It is the turmoil of world history that has concerned Eaton ever since he was a small boy. In Islam & The Destiny of Man he describes himself as having been, ‘not an average child,’ and still treasures the innocent wonder of a young mind. His reverence for children leads him to believe that, “some children are born with metaphysical curiosity… that curiosity was why I later took an interest in philosophy.” Adults often have difficulty appreciating this quality in children, “it is soon snuffed out of them,” according to Eaton. “Average children may have more to them than appears, if they were respected.”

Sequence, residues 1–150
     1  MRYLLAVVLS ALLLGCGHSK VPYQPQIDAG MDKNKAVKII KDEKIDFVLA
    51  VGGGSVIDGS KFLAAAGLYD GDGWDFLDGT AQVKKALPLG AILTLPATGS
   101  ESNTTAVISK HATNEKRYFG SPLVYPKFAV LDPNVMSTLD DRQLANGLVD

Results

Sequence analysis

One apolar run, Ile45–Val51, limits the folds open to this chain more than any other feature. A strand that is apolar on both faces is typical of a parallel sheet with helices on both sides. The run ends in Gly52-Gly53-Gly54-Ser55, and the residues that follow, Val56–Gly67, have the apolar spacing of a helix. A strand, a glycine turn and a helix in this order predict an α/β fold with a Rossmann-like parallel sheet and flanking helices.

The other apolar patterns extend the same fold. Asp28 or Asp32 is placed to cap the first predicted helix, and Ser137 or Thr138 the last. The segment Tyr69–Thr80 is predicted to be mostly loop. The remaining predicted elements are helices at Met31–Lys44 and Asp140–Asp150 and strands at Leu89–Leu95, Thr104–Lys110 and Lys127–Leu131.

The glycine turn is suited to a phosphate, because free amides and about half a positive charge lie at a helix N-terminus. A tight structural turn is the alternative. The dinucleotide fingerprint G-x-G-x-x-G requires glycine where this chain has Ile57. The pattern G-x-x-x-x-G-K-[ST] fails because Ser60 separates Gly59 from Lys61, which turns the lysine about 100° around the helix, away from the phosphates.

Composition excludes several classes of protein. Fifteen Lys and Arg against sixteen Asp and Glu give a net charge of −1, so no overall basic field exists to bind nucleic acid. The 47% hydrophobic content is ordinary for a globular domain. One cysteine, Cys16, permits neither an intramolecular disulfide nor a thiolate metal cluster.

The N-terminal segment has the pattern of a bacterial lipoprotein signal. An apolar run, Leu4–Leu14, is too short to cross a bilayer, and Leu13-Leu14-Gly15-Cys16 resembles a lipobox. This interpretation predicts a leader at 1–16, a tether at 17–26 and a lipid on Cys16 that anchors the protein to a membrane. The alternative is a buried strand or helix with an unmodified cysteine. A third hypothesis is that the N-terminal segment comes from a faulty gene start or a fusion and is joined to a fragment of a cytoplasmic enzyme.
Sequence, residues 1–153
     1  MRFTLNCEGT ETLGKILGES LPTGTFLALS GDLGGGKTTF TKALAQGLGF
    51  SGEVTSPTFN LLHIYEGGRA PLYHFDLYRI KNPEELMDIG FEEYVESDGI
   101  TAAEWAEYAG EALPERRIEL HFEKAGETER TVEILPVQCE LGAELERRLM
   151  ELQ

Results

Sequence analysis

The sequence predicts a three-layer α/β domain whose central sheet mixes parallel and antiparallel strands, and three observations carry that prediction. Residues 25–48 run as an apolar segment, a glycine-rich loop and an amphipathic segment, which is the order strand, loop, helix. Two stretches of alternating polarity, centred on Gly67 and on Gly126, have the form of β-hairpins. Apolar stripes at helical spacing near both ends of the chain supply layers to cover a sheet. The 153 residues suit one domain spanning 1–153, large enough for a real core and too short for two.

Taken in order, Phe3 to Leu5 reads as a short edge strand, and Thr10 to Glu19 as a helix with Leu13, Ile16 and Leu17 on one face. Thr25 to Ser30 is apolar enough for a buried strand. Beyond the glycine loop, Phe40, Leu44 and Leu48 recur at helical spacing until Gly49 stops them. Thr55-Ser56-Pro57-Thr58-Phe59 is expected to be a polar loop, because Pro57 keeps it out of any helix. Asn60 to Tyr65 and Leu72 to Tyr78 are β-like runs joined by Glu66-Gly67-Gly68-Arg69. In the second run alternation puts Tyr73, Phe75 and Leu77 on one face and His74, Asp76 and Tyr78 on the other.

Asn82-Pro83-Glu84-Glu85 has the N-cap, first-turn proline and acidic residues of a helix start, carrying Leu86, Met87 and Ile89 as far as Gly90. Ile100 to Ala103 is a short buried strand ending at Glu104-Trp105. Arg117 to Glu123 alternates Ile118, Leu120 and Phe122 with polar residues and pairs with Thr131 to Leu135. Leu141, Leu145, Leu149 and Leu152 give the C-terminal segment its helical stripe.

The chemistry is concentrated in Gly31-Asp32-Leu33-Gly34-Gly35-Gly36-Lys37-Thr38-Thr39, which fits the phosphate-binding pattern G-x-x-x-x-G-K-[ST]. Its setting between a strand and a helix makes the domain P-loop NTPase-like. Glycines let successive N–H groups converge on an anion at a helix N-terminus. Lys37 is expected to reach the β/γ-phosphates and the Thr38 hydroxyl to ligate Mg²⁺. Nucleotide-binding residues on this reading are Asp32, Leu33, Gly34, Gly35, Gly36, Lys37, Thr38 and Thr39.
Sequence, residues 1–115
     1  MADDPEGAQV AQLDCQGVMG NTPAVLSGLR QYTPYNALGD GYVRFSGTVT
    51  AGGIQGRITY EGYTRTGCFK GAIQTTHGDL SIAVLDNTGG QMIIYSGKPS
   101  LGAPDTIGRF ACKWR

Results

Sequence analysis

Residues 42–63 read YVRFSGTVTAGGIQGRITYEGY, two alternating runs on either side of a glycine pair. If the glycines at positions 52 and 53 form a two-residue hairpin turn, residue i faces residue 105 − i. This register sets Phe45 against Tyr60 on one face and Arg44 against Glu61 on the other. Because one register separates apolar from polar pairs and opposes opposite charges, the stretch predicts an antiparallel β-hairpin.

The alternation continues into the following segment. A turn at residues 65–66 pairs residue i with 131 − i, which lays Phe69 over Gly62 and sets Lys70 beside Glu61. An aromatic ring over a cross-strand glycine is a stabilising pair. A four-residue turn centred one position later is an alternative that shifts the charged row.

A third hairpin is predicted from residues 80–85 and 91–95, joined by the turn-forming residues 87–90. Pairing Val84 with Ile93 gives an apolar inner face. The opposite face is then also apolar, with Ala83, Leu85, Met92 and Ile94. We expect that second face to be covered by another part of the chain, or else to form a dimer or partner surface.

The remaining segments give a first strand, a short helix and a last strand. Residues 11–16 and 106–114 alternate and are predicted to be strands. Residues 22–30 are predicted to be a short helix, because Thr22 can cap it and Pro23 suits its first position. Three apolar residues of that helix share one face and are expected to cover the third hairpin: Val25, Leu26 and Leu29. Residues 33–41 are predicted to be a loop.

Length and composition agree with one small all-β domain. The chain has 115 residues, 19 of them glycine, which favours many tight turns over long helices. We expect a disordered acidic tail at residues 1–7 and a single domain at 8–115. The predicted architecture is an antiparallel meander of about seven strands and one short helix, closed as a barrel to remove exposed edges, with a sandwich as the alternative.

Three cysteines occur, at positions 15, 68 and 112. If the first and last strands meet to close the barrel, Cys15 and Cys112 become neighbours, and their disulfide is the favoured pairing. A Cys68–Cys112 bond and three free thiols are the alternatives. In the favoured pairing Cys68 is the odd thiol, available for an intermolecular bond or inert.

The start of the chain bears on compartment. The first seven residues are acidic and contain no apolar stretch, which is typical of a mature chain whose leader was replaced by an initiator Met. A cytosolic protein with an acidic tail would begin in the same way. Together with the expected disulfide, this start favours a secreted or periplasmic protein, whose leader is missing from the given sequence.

To illustrate this point, Eaton recalls an incident that affected him profoundly as a child. He was 12 or 13 and just becoming consumed by world affairs. Upon learning that the Austrian Chancellor had been assas- sinated by the Nazis, he remembers weeping over this sombre incident. When Italy subsequently invaded Ethiopia, employing napalm for the first time in warfare to cause maximum death and destruction, the international community refused to interfere. In fact, the British Foreign Secretary, Sir Samuel Hoare conspired with the French to persuade a weakened League of Nations to sign the Hoare-Laval pact, allowing Mussolini to ravage what was then called Abyssinia.